Alligators 'n Roadkill

Alligators 'n Roadkill
On The Road


Friday, August 17, 2018

You might want to avoid any dealings with Viva Nissan, in El Paso.

First part of this post began one week ago, on Friday, 08/14.
Let me tell you about my experiences with this dealership this week, just ended.  I have decided to shop around for a newer car, even though I haven't yet sold my minivan.  I have researched and decided that I'd like either a Buick La Crosse, or a Buick Enclave.  My price range is pretty low, so this means I am looking at cars that are around seven years old.

I looked at a couple of Enclaves during the week, and really liked one, but it needs new tires, and has a clunk in the front steering/suspension.  Meanwhile, I had seen an ad online several times for a 2011 La Crosse, on both and Bestway Auto, a subsidiary of the Viva Auto Group, in El Paso.  My inquiry at Bestway's web site, got no response, but at some point, I did get a call from a Pamela Mena, a "Trusted Advocate" with Viva Nissan.  She told me the car in question was at her dealership, and asked me to go see it.  I went over there yesterday morning only to find out that the car was not there, and nobody knew where it was.

Strike one.

Later yesterday afternoon I received a very confusing call from a female, who sounded super bored with whatever she was doing, but she managed to convey to me that the car had been located a another Viva dealership, the Mazda dealer.  She said it was there for "service," but did not indicate what service might be getting done.

Strike two.

This morning, I got another call from Pamela, who told me that she had gone to get the car, and would like to show it to me.  When I got to the dealership late this morning, she had taken the car to put gasoline, so I waited.  Upon her return, she and Luz gave me the keys and went with me for a test drive.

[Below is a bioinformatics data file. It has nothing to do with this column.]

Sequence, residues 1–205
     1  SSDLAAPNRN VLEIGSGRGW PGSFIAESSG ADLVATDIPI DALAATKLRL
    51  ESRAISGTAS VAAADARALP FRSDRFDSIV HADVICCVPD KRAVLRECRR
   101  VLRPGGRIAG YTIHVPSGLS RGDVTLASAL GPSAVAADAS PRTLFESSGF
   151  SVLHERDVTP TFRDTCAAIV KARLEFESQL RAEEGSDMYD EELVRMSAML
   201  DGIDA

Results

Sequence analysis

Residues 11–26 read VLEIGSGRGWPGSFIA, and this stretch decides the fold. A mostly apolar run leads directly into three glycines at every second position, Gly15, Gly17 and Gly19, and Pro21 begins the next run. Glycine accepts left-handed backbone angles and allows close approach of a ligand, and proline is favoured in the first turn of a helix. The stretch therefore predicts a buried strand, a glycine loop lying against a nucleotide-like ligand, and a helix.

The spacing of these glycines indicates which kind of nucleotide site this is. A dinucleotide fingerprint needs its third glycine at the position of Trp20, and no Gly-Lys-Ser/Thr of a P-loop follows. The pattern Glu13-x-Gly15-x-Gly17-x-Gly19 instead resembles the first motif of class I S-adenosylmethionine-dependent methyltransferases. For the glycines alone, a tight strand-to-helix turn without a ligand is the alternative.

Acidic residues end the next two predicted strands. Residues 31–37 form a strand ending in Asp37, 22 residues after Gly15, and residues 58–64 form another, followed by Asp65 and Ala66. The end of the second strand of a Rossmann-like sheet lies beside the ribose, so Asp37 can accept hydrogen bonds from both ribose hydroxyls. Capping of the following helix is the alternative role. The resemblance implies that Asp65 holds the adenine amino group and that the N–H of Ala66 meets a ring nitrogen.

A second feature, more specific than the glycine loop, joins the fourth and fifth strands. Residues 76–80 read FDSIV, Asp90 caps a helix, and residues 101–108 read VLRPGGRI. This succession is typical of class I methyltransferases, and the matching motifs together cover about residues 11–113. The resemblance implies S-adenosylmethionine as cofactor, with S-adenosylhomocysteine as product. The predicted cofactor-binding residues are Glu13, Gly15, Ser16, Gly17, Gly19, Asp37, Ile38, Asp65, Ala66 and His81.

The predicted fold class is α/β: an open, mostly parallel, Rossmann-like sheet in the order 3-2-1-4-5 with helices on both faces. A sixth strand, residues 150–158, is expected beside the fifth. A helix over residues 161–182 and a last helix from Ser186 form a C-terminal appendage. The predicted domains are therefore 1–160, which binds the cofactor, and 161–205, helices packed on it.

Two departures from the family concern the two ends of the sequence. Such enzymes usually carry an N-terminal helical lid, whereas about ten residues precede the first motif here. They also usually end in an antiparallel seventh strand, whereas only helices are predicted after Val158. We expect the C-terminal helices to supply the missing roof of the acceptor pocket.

I noticed while we were driving, that the passenger side window was cracked, and then I noticed that the check engine light was on.  I pointed those out, and asked if they would be addressed should I buy the car.  I received assurances that this would be taken care of.

We briefly discussed my current car as a possible trade in, but it was obvious to me that would not work, since I do owe money on it, and dealerships are famous for never giving a fair trade in value.  Her boss, Adelberto, looked at my current car, and gave me some preliminary numbers, but since their computer was off line, we decided that they would have to call me later.  The numbers did not look very good for me, so I came home.

I talked it over with my wife, and we figured out a way to handle the down payment Adelberto was asking for, and leaving my current car out of the deal, so I called Pamela sometime later, to see what we could do.  I told her that, if I was to meet their price, they had to fix the window and the check engine light, and I'd even like to see the price come down for me.  She went back and forth to her manager with my requests, and then said that the price they were offering me was the internet price, and the car is actually supposed to be sold at $11,000, about 1200 more than I had seen in their ads.  No further discount could be considered (despite what Adelberto had personally told me about how he was a veteran, too, and would see if he could get me a veteran's discount).